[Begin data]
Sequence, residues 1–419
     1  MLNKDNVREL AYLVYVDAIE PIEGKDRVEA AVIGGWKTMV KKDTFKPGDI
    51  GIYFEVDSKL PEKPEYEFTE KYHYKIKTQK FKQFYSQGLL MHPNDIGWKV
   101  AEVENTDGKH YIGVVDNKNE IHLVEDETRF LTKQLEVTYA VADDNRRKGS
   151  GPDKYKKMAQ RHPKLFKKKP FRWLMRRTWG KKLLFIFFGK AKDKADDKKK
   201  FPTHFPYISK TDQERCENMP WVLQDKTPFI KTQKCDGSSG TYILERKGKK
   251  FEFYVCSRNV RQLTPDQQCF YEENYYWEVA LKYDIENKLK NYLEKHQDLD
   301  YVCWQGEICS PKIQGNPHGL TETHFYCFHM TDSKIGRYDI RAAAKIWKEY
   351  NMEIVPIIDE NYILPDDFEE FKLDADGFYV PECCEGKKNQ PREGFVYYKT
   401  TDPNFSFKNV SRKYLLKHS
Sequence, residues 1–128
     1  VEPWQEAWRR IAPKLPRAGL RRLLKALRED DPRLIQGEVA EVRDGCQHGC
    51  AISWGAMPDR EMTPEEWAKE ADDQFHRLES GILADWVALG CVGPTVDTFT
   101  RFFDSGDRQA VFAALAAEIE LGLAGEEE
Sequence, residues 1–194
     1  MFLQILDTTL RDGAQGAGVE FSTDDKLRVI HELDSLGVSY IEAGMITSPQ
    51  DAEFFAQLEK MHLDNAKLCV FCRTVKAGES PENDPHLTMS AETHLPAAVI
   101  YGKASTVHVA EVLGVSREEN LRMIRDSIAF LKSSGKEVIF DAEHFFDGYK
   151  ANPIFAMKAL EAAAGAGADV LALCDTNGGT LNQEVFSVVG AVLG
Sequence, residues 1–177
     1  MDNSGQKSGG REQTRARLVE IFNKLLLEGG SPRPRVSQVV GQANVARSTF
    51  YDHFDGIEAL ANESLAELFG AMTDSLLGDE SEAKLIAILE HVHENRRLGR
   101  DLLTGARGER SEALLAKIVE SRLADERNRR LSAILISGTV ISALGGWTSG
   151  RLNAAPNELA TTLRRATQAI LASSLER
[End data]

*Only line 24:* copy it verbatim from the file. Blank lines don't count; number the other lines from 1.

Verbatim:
   151  RLNAAPNELA TTLRRATQAI LASSLER